It’s now 65 days until we could end up leaving the EU without a deal. 65 days until diabetics might not be guaranteed insulin, which they need to survive. 65 days until food supplies – 30% of which we get from the EU – could start to get stuck at the border. And we are no closer to having any idea how we are going to avoid this self-inflicted national catastrophe.
Yvette Cooper today continues her efforts to prevent a ‘no deal’ Brexit. If passed, her new amendment would force the government to allow a vote on extending Article 50. In the short term, it would prevent national chaos that would, like the 2008 financial crisis before it, fall disproportionately on the shoulders of marginalised groups. Ethnic minorities, women – those who are already struggling to feed their families and pay their bills.
Cooper knows that a no deal Brexit would hit women hardest, and knows the impact it would have on our rights, services and families. But we need more. Deal or no deal, Brexit will threaten women’s rights frameworks and the money in our pockets. It’s time that, as Labour women, we join together and do what party supporters want: back a People’s Vote.
Recent YouGov polling found that almost three quarters (73%) of women who voted Labour in 2017 want a People’s Vote (excluding don’t knows). 58% of women who backed Labour in the last general election say they would not back Labour again tomorrow, with the majority saying they would now vote for parties that back a People’s Vote, such as the Greens or the Lib Dems.
Preventing a no deal is absolutely crucial. That outcome would be an economic catastrophe set to disproportionately affect women, who are overrepresented in precarious employment. It could – in the short term – stop women in Northern Ireland being able to access safe abortions and see funding to refugees and the NHS irreparably damaged.
Meanwhile, in Brussels, the European Parliament is busy trying to extend shared parental leave, establish paid carers’ leave as standard and encourage member states to sign the biggest international domestic violence prevention legislation of all time. Do we really want to wave goodbye to all that in favour of economic chaos and increased inequality?
Brexit goes against the interests of most women in the country, particularly vulnerable women – those economically worse off, migrants, LGBT+ and women of colour – who have the most to lose and the most to fear in the event of a no deal scenario. It is not going to be the likes of Jacob Rees-Mogg who suffer if Britain leaves the EU without a deal on the 29th March. This is not ‘project fear’ hysteria but the genuine concerns of those of us who are committed to the many, not the few. Of course Labour should be doing all it can to prevent this from happening.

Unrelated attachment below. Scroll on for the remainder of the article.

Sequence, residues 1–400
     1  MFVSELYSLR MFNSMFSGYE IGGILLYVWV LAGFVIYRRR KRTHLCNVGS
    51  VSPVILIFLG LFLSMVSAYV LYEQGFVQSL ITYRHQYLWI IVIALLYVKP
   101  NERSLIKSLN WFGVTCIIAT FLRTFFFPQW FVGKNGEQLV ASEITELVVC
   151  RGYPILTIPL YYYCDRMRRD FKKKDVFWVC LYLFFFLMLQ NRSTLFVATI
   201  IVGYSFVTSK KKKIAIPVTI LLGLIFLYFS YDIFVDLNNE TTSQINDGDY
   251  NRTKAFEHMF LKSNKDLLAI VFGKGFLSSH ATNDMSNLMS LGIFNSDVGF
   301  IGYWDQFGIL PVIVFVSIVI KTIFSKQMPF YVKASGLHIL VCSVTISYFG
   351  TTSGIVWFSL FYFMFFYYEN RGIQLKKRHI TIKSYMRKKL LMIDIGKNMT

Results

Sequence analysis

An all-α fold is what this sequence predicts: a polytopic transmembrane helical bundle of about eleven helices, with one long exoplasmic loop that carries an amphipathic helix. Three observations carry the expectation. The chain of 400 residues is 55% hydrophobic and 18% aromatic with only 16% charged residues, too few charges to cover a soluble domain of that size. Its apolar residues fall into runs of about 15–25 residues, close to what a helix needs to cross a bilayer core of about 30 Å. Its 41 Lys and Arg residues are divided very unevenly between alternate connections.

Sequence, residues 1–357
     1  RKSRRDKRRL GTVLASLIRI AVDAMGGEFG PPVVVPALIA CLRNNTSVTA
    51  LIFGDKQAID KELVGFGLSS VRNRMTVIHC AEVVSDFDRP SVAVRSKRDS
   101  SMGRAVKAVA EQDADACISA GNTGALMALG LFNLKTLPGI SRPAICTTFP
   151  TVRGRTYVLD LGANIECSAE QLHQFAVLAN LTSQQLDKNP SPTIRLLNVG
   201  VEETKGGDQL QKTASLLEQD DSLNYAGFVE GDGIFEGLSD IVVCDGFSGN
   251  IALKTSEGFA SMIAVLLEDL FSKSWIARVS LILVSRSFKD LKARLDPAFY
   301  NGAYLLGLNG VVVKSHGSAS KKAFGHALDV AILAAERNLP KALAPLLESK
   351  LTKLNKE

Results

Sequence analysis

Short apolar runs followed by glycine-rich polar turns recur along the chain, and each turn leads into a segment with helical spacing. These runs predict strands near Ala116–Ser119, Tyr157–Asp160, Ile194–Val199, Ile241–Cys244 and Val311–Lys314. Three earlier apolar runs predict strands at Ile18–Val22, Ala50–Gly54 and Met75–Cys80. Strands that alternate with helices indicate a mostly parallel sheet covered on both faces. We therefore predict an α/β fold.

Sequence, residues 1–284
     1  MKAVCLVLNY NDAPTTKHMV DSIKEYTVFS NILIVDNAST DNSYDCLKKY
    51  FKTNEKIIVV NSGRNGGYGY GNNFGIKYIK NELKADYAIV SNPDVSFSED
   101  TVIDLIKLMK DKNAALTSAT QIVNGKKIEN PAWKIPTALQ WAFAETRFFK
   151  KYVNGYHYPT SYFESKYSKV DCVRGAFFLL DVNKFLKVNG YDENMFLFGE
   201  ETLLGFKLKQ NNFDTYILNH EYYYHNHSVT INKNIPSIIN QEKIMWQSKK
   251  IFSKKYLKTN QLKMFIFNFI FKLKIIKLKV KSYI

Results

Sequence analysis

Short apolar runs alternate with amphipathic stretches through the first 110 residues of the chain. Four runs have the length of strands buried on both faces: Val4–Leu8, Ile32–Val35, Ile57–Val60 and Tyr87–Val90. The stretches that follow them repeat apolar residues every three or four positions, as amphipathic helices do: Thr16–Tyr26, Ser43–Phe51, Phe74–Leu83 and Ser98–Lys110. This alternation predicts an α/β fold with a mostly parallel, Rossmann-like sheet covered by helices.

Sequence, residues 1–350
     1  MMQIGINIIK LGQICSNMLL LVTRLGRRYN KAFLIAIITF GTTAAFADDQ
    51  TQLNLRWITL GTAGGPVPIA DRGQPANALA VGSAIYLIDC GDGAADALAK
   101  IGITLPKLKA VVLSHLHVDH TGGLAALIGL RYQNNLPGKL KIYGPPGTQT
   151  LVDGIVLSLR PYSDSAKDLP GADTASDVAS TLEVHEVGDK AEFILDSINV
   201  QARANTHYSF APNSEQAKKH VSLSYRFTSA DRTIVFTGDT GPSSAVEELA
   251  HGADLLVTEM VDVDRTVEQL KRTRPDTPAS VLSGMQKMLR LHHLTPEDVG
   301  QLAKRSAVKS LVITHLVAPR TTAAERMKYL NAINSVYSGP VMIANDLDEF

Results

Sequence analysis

‘All we can’ includes supporting the opportunity for the public to vote on whether this is truly the best thing for workers, for women, for the country. We now actually understand the terms of our exit, and we’re not simply voting for vague ideas about ‘taking back control’. You wouldn’t buy a house just from looking at the online RightMove ad, you’d go and visit it, check the contract, and only then decide whether to sign on the dotted line. That’s all a People’s Vote is: the opportunity to confirm our decision once we’ve learnt the terms of the contract. If Theresa May can take her deal back to parliament next week, even after it faced the biggest ever government defeat in parliament, why can’t she afford the public the same courtesy? It is the job of the opposition to make this point loud and clear.
The Labour Party was established to represent all and any of us who believe in social justice. That who you are, how much you earn, the body you are born into and the colour of your skin should not disadvantage your choices and opportunities. My vision of social justice includes feminism, the radical notion that women are people with political agency. When 73% of Labour’s women voters are in favour of a People’s Vote and 74% of them would vote to stay in the EU, coming out in favour of a People’s Vote is not just the democratic thing to do. It’s the feminist thing to do.
Jess Phillips is MP for Birmingham Yardley.